The Color of Wealth in Boston

by Ana Patricia Muñoz, Marlene Kim, Mariko Chang,
Regine O. Jackson, Darrick Hamilton, William A. Darity Jr.

The widening wealth gap in the United States is a worrisome sign that millions of families nationwide do not have enough in assets to offer better opportunities for future generations. Wealth allows families to make investments in homes, in education, and in business creation. On the basis of data collected using the National Asset Scorecard for Communities of Color (NASCC) survey, we report that, when analyzed by race, wealth accumulation is vastly unequal. By means of the NASCC survey, researchers have collected, for the first time, detailed data on assets and debts among subpopulations, according to race, ethnicity, and country of origin—granular detail ordinarily unavailable in public datasets. In this analysis we focus on estimates for U.S. born blacks, Caribbean blacks, Cape Verdeans, Puerto Ricans, and Dominicans in the Boston Metropolitan Statistical Area (MSA). Our analysis shows that with respect to types and size of assets and debt held, the data collected on white households and nonwhite households exhibit large differences. The result is that the net worth of whites as compared with nonwhites is staggeringly divergent.

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  • Key Findings
  • Exhibit
  • Implications
  • Methodology

Key Findings

  • The typical white household in Boston is more likely than nonwhite households to own every type of liquid asset. For example, close to half of Puerto Ricans and a quarter of U.S. blacks don't have either a savings or checking account, compared to only 7% of whites.
  • Whites and nonwhites also exhibit important differences in assets that associated with homeownership, basic transportation, and retirement. Close to 80% of whites own a home, whereas only one-third of U.S. blacks, less than one-fifth of Dominicans and Puerto Ricans, and only half of Caribbean blacks are homeowners. And while most white households (56 percent) own retirement accounts, only one-fifth of U.S and Caribbean blacks, and 8 percent of Dominicans have them.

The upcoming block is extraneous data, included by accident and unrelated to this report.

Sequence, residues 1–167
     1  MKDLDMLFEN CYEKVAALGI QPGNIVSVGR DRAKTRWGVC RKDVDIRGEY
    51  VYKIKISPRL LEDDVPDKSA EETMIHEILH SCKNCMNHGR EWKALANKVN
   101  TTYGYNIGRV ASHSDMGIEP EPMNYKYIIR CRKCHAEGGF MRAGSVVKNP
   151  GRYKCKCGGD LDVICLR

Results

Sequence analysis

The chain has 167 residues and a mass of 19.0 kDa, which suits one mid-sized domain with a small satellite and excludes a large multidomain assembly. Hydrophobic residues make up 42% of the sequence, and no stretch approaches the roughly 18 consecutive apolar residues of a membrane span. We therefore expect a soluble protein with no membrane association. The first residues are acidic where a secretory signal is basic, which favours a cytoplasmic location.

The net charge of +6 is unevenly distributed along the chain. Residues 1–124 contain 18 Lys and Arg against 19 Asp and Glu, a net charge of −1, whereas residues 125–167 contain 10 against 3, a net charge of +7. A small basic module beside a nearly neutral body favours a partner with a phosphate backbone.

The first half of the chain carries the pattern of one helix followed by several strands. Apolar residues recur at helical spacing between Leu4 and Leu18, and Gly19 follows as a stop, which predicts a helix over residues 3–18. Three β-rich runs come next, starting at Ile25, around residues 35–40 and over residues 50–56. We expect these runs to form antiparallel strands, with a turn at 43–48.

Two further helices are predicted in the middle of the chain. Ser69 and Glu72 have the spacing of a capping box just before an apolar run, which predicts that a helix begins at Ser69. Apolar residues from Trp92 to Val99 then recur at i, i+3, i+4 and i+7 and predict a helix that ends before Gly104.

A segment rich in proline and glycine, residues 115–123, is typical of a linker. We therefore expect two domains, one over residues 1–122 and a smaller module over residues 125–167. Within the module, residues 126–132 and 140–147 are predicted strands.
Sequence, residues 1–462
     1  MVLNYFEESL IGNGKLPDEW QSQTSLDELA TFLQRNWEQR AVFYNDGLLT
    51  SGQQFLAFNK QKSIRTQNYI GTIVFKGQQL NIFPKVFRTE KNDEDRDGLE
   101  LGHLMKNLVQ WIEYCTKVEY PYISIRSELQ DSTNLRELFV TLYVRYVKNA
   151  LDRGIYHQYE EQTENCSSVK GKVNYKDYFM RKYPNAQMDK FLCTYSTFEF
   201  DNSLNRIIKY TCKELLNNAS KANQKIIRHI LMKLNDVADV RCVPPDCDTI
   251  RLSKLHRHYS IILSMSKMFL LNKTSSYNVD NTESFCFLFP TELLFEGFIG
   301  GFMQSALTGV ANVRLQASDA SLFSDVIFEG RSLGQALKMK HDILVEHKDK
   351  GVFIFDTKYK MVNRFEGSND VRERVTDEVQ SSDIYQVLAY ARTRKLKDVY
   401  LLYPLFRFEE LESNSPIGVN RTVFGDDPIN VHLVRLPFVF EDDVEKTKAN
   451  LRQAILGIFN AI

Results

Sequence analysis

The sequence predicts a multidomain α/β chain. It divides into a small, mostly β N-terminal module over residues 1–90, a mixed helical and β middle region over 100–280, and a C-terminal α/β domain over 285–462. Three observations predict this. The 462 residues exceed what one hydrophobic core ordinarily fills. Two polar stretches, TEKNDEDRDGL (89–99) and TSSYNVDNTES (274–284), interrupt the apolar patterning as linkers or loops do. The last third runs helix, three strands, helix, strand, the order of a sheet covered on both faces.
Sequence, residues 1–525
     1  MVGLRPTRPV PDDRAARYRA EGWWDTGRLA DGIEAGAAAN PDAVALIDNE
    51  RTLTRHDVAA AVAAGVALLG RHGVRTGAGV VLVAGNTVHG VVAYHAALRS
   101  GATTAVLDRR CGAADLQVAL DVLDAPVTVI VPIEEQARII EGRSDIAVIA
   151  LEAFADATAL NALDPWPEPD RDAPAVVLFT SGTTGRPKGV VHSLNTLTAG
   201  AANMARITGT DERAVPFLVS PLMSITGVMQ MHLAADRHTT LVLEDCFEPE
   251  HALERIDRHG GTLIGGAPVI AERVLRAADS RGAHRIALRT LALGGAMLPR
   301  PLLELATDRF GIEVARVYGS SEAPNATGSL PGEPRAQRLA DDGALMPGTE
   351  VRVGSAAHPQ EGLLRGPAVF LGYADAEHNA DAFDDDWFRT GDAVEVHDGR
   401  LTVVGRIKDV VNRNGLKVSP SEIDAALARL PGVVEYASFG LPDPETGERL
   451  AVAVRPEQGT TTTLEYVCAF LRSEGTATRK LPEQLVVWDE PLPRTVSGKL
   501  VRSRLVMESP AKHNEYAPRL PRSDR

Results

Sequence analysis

• Although members of communities of color are less likely to own homes, among homeowners they are more likely to have mortgage debt. Nonwhite households are more likely than whites to have student loans and medical debt.
  • Nonwhite households have only a fraction of the net worth attributed to white households. While white households have a median wealth of $247,500, Dominicans and U.S. blacks have a median wealth of close to zero. Of all nonwhite groups for which estimates could be made, Caribbean black households have the highest median wealth with $12,000, which is only 5 percent of the wealth attributed to white households in the Boston MSA.

Exhibit

Median total asset and net worth values by race and ethnicity
(U.S. dollars)

Chart: Median total asset and net worth values by race and ethnicity in the Boston MSA (U.S. dollars)

Source: NASCC, author's calculations.
Notes: The median denotes the value at the midpoint of the distribution (50 percent of households have less than the median and 50 percent have more than the median estimates).  Total assets include home equity values (value of the home minus mortgage debt) but do not include cash on hand. Net worth is calculated by subtracting debt from total asset values. The cases where net worth is close to zero imply that there are a number of households that have more debts than assets.  Net worth values for Cape Verdean households were not calculated because the sample size was too small. For those groups for which the data are reported, the estimation excluded "missing values," that is, cases where the respondents indicated that they had assets or debt but had not assigned a value. Estimations may change if missing values are imputed.

Implications